Apparently, every couple of seconds around the world, some car gets damaged. When you think about the way you interact with cars, you're buying your new car, you're buying a used car. You're filing an insurance claim. When you go abroad, you rent a car, etc. All of these are transactions where cars move, change hands and change liability. We think that there are over one billion transactions like that taking place around the world where a car is changing hands between car rentals. You have subscriptions, car sharing, the old model of leasing and a variety of other transactions. Not to mention new cars that are moved from the production line all the way down through ports and terminals, all the way down to the dealership and to the end customer.
It's a big business and lots of transactions. When you look at how cars are getting inspected now, it's mostly manual. It's someone with a piece of paper. In the best case, there's an app that they use to register any existing damages and create this form, which is problematic because it's very subjective and it's expensive. You have to send the person out there and you have to wait. Most importantly, in many cases, it keeps the car out of the road for a while. Imagine a car that gets hit and waits to be inspected. Imagine a used car that comes back from leasing and instead of marketing it, selling it onwards. There's a great shortage of cars right now, especially in North America. That's quite an interesting topic in its own right but this delay causes inefficiency and it's all because of that manual process of inspection.
It reminds me of one time, I remember bringing the rental car back and they looked at it. Everything's fine and I believe I waited because I usually like to wait but sometimes, I'm impatient, I just run to the terminal. I think this time I've been waiting and we signed off on it. A month later I got a bill and it was $1,000 and it was for some ding that I didn't cause. It took me a lot of phone calls and emails and wasted time. It caused me to not want to have a relationship with that company anymore.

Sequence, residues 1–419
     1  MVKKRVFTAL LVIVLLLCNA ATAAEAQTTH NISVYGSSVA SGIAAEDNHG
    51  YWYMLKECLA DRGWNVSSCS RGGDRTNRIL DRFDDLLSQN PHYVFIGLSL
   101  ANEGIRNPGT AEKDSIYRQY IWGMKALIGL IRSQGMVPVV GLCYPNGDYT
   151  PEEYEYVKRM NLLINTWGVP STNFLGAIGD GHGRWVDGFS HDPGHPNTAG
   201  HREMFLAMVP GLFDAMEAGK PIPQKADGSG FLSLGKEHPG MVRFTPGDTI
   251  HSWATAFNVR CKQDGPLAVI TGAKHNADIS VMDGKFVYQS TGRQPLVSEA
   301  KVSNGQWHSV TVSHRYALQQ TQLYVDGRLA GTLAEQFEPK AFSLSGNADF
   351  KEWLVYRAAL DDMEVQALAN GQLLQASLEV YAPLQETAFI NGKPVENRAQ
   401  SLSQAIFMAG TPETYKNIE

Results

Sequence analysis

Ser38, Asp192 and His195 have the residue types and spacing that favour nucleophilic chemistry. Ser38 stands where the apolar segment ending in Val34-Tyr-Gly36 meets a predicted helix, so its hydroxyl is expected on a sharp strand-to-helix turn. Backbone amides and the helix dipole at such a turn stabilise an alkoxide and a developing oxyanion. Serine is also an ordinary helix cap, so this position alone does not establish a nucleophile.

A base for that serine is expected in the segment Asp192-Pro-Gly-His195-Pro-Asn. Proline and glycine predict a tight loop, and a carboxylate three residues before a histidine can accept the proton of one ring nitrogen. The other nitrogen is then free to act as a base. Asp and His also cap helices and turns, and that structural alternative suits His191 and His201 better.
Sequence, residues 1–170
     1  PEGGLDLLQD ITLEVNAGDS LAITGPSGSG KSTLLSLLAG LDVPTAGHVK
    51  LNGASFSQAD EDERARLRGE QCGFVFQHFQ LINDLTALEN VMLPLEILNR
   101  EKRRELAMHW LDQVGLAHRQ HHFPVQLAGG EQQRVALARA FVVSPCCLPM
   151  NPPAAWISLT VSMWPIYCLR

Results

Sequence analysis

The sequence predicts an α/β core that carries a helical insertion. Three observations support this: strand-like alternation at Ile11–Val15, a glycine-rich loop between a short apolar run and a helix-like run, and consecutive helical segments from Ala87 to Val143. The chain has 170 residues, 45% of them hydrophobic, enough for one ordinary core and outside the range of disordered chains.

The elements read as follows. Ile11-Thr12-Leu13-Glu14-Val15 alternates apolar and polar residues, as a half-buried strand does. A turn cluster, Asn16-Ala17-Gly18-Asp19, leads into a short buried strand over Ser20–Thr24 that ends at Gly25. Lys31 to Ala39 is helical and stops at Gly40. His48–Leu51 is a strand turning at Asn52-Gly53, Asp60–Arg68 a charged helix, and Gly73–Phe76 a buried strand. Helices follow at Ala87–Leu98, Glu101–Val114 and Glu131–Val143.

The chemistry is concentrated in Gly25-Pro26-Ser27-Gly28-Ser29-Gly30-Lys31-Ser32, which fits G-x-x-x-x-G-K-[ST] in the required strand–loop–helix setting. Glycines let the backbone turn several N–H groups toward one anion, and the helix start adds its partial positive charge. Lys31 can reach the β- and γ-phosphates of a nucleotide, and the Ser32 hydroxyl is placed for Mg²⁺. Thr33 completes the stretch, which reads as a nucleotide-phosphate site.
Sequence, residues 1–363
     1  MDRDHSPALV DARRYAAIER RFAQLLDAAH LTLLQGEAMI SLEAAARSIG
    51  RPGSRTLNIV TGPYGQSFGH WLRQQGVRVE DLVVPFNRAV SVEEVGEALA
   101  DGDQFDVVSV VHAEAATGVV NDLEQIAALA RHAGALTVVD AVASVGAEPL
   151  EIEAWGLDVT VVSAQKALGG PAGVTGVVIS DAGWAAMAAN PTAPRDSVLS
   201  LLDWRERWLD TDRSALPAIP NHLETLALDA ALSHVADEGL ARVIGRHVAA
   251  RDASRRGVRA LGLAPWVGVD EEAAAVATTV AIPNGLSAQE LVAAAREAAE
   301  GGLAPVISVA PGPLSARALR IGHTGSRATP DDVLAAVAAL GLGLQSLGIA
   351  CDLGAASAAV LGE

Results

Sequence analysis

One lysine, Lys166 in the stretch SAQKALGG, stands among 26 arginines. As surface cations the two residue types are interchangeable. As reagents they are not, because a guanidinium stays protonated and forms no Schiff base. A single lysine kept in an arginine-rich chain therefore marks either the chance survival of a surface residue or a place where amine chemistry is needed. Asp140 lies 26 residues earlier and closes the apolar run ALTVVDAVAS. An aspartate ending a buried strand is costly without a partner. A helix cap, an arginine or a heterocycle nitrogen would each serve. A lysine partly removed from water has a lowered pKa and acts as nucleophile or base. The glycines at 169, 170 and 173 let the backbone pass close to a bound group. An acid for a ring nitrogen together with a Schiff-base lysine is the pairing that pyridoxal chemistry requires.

It was one of the two big guys. I can't remember which one now because I've been out of the rental market for a few years. I can definitely see what your tagline and your website say, “Turn your camera into the ultimate vehicle inspector.” It makes perfect sense in the way that it digitizes it. If I would've had that app, you could have seen if there was a dent there when I took it out. When I bring it back, it would've said, “Nope, no dent,” or if it would have been there in the first place, it would have shown obviously.
That’s right. If you look at the angle of the car rental company, I don't think they're bad people. It's that they couldn't keep track of the vehicle damage. It so happened that they track this vehicle right after you used it. If they had this consistent objective view of the vehicle condition, they could have identified who really caused that damage and allocate the damage to the right person.
Thinking about, where does artificial intelligence play a role in your technology?